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|Title:||Dravet syndrome or genetic (generalized) epilepsy with febrile seizures plus?|
|Authors:||Scheffer, Ingrid E;Zhang, Yue-Hua;Jansen, Floor E;Dibbens, Leanne M|
|Affiliation:||Department of Medicine, The University of Melbourne, Austin Health, Victoria, Australia. email@example.com|
|Citation:||Brain & Development 2009; 31(5): 394-400|
|Abstract:||Dravet syndrome and genetic epilepsy with febrile seizures plus (GEFS+) can both arise due to mutations of SCN1A, the gene encoding the alpha 1 pore-forming subunit of the sodium channel. GEFS+ refers to a familial epilepsy syndrome where at least two family members have phenotypes that fit within the GEFS+ spectrum. The GEFS+ spectrum comprises a range of mild to severe phenotypes varying from classical febrile seizures to Dravet syndrome. Dravet syndrome is a severe infantile onset epilepsy syndrome with multiple seizure types, developmental slowing and poor outcome. More than 70% of patients with Dravet syndrome have mutations of SCN1A; these include both truncation and missense mutations. In contrast, only 10% of GEFS+ families have SCN1A mutations and these comprise missense mutations. GEFS+ has also been associated with mutations of genes encoding the sodium channel beta 1 subunit, SCN1B, and the GABA(A) receptor gamma 2 subunit, GABRG2. The phenotypic heterogeneity that is characteristic of GEFS+ families is likely to be due to modifier genes. Interpretation of the significance of a SCN1A missense mutation requires a thorough understanding of the phenotypes in the GEFS+ spectrum whereas a de novo truncation mutation is likely to be associated with a severe phenotype. Early recognition of Dravet syndrome is important as aggressive control of seizures may improve developmental outcome.|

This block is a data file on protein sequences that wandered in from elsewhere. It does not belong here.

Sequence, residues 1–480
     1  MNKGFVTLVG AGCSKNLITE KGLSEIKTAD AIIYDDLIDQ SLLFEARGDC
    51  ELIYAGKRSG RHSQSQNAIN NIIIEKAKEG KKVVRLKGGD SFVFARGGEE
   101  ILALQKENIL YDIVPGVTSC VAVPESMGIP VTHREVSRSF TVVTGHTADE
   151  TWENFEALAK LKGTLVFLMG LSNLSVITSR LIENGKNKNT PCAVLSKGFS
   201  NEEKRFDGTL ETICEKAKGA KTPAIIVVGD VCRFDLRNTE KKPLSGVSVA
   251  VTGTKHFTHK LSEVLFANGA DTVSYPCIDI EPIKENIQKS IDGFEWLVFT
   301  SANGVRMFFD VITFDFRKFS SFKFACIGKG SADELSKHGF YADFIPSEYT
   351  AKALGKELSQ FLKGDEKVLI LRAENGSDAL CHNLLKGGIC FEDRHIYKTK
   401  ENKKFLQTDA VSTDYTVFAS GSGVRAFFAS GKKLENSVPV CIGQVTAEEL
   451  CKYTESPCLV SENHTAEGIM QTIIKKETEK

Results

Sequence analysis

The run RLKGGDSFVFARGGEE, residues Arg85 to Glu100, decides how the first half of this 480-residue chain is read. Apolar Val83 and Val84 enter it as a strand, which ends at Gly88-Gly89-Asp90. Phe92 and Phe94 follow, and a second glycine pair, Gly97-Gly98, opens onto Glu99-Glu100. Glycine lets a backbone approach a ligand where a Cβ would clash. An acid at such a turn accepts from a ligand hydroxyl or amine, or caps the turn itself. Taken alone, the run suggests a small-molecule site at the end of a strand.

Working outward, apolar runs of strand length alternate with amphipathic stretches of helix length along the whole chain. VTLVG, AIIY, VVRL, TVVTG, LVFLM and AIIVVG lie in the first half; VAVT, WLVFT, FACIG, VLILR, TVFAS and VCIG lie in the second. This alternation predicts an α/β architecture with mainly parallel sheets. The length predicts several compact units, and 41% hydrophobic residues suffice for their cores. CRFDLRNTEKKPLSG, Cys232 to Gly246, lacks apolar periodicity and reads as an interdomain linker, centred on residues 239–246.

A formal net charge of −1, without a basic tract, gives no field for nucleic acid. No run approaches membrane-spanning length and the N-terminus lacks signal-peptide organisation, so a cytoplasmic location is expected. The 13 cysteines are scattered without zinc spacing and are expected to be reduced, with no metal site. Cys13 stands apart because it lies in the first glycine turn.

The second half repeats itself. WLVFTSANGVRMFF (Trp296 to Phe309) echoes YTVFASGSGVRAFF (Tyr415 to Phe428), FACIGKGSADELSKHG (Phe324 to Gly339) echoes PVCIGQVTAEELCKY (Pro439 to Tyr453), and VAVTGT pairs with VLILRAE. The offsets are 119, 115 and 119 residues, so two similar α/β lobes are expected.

|Internal ID Number:||19203856|
Genetic Predisposition to Disease.genetics
NAV1.1 Voltage-Gated Sodium Channel
Nerve Tissue Proteins.genetics
Voltage-Gated Sodium Channel beta-1 Subunit
|Appears in Collections:||Journal articles|
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